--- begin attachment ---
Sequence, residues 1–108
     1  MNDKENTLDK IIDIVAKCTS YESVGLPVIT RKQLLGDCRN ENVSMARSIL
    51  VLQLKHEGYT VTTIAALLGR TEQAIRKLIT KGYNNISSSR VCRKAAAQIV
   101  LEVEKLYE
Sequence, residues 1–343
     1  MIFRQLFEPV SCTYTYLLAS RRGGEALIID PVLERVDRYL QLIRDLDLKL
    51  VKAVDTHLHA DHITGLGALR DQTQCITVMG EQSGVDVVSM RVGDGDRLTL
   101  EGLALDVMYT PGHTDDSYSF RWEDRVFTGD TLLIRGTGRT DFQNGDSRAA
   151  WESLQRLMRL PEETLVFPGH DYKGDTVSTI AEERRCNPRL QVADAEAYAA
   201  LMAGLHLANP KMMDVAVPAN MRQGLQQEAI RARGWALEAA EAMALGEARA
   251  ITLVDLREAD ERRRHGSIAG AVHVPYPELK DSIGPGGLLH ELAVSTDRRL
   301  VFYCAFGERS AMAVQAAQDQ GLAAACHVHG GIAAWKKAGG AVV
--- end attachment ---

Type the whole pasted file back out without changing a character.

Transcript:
Sequence, residues 1–108
     1  MNDKENTLDK IIDIVAKCTS YESVGLPVIT RKQLLGDCRN ENVSMARSIL
    51  VLQLKHEGYT VTTIAALLGR TEQAIRKLIT KGYNNISSSR VCRKAAAQIV
   101  LEVEKLYE
Sequence, residues 1–343
     1  MIFRQLFEPV SCTYTYLLAS RRGGEALIID PVLERVDRYL QLIRDLDLKL
    51  VKAVDTHLHA DHITGLGALR DQTQCITVMG EQSGVDVVSM RVGDGDRLTL
   101  EGLALDVMYT PGHTDDSYSF RWEDRVFTGD TLLIRGTGRT DFQNGDSRAA
   151  WESLQRLMRL PEETLVFPGH DYKGDTVSTI AEERRCNPRL QVADAEAYAA
   201  LMAGLHLANP KMMDVAVPAN MRQGLQQEAI RARGWALEAA EAMALGEARA
   251  ITLVDLREAD ERRRHGSIAG AVHVPYPELK DSIGPGGLLH ELAVSTDRRL
   301  VFYCAFGERS AMAVQAAQDQ GLAAACHVHG GIAAWKKAGG AVV